Worlding is a concept that situates human relationships beyond the logic of sameness, as qualified by globalisation theories. This chapter borrows ideas from Cheah’s question, ‘What is a World?’, to define worlding as a promotion of ‘co-dependency’ and ‘aroundness’—as something which exceeds the spatial and temporal boundaries to experience moments of liminality or in-betweenness. It is in these interstices of experience that affect can be lived as a somatic encounter which resonates with other bodies undergoing (or having undergone) a similar encounter. In order to demonstrate that worlding is an affective experience, I will study the works of Deepak Kurki Shivaswamy. I propose that his choreographic pieces and the audience responses to them establish the concept of co-dependence as a mutual affect in process. And therefore, as also something which is an open-ended moment of being.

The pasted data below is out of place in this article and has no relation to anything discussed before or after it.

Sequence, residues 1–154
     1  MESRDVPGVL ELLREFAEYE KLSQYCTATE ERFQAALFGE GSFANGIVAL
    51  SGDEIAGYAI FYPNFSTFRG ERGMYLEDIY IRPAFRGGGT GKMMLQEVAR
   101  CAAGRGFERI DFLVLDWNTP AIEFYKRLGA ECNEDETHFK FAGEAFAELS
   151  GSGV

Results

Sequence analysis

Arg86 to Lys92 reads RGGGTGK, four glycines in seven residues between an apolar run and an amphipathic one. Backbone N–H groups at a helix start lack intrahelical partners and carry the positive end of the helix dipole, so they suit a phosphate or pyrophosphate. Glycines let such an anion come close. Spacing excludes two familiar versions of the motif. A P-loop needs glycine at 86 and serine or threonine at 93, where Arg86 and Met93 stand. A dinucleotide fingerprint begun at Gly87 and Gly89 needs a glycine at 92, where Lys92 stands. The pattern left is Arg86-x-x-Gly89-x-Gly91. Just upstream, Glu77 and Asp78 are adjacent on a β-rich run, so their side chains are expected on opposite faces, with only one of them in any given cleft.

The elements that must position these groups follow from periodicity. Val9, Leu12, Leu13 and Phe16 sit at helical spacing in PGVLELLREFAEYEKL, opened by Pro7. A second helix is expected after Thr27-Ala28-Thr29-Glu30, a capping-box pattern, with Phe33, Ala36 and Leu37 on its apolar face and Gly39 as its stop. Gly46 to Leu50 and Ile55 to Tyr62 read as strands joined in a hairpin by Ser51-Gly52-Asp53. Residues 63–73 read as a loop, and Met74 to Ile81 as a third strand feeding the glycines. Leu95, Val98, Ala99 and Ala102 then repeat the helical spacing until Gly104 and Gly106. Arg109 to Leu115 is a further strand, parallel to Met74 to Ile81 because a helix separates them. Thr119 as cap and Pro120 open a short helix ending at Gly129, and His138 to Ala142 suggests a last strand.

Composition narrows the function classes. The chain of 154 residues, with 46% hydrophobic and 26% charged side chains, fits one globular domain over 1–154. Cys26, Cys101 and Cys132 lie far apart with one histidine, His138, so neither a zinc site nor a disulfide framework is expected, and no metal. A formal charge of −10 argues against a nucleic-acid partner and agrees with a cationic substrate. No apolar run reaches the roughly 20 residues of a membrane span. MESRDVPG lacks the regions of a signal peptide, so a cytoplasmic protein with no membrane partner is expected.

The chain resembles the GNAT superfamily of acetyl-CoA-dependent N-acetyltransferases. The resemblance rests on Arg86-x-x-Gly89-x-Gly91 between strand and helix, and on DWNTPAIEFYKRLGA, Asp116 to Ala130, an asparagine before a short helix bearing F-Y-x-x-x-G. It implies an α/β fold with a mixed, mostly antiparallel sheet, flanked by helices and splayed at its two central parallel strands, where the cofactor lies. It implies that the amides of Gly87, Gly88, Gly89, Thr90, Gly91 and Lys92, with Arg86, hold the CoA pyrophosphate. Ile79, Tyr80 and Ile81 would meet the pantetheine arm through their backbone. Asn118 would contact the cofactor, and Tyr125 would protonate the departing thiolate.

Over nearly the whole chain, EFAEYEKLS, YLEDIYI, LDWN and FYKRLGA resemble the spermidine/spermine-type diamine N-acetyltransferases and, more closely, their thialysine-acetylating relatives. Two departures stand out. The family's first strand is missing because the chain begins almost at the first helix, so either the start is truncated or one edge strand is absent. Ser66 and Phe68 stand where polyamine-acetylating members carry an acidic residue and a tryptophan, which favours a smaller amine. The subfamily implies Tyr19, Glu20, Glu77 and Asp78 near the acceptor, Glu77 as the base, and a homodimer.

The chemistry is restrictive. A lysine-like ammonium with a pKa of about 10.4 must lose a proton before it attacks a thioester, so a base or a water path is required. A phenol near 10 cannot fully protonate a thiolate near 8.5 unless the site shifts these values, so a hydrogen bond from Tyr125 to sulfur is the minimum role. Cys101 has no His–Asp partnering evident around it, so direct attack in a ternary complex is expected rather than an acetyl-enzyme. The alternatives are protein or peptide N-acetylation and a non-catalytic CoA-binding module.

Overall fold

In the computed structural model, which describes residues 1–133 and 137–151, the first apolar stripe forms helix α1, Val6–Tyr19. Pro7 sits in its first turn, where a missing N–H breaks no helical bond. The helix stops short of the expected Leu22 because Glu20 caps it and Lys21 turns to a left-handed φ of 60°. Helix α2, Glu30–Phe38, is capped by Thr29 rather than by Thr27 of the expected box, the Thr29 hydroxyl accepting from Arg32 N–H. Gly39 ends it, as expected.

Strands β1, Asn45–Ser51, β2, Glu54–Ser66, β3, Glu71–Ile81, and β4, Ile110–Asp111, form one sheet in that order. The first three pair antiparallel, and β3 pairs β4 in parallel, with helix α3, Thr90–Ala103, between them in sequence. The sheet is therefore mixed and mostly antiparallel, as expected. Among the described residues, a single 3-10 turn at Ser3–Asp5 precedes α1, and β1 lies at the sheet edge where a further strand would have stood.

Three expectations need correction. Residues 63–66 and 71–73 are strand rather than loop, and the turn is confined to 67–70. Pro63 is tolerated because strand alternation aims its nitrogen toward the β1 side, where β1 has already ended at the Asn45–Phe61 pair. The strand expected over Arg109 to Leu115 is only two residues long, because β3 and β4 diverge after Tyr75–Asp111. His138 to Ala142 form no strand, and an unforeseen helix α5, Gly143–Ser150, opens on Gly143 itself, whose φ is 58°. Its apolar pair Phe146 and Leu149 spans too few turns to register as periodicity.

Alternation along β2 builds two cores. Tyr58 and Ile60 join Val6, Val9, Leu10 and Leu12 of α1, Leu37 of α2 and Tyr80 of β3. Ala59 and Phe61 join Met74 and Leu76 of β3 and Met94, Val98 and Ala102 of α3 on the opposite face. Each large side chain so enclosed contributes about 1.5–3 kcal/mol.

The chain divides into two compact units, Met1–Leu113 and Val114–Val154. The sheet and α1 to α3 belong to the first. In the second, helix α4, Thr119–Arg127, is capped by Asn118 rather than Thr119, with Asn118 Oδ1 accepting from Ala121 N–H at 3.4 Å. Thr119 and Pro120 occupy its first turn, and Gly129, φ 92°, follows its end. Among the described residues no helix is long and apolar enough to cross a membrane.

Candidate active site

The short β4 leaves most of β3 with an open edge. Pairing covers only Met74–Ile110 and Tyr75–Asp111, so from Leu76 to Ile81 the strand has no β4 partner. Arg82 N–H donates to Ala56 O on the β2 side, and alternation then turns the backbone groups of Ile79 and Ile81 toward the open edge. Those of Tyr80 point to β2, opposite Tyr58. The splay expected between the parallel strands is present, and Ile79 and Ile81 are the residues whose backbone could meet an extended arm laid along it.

My reading of Deepak Kurki Shivaswamy’s contemporary-styled choreographic pieces highlights the fallacy inherent in defining meaning in dance movement through cartographical boundaries of their origins. As I suggest, dance is not something definitive or that which seeks a specific emotional response. In fact, this chapter will show how an introduction of the ethos of participation in dance performances transcends the boundaries of any predetermined somatic experience. The analysis of the moment of affective reception and reaction in and through Shivaswamy’s performances will invite thoughts on worlding as a consequential channelisation in the experiential process.